‘What does Gramps say about your trip?’ asked Davina.

‘Not a lot,’ she replied, ‘I was teasing him about it yesterday.’

She described their exchange.

‘What has he had to say about your dance class?’ David asked.

‘He seemed a bit taken aback when I told him how several widowers all wanted me as their partner,’ she answered.

‘Is that right, then?’ he asked.

‘Well, yes – up to a point,’ she said.

Featured Photo

I took this photo last week (12/02/2021) at Sherdley Park, St Helens, Merseyside. It’s another of several shots that I took of the bare-branched trees. The branches of most of them already bear buds, and soon these lovely structures will be hidden by summer foliage.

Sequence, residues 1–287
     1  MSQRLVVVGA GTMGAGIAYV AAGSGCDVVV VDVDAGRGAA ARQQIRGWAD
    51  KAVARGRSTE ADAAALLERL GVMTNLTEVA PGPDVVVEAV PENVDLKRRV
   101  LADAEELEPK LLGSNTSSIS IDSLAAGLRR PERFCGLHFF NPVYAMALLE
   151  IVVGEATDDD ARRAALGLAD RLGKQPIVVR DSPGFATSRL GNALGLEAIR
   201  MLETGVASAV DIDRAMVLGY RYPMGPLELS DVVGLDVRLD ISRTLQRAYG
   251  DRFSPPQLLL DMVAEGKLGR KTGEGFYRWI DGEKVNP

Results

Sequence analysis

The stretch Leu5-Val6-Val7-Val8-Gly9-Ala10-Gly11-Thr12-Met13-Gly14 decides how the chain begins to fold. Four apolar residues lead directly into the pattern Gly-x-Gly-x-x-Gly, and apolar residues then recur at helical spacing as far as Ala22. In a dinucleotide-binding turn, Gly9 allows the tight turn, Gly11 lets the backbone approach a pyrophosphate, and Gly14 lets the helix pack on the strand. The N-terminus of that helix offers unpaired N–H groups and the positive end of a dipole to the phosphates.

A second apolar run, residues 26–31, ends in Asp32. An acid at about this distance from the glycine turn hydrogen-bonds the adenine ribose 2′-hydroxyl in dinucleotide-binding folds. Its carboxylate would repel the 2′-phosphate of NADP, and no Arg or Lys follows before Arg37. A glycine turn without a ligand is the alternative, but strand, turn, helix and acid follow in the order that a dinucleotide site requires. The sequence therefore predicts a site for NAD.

I used my Pentax KP 24 MP cropped sensor camera with a 35 mm f/2 full-frame prime lens attached. The shutter speed was 1/400 at f/9 and the ISO was 640 The shot was handheld and I post-processed my shot in Lightroom Classic.

The Phoenix Time #24

Previously……….

Gloria was pleased that he’d phoned her mum. She was fascinated by his account of his conversation about her mum and how she was considering dance classes. She was even more interested by the Dorset plan and impressed by Charlotte’s show of independence. She was amused again by her dad’s reaction to her mum’s decision. The questions that he seemed to have been asking, in Gloria’s mind, indicated that her dad might be having second thoughts.

Continued………

Saturday  April 27 Week One – A visit to the Bank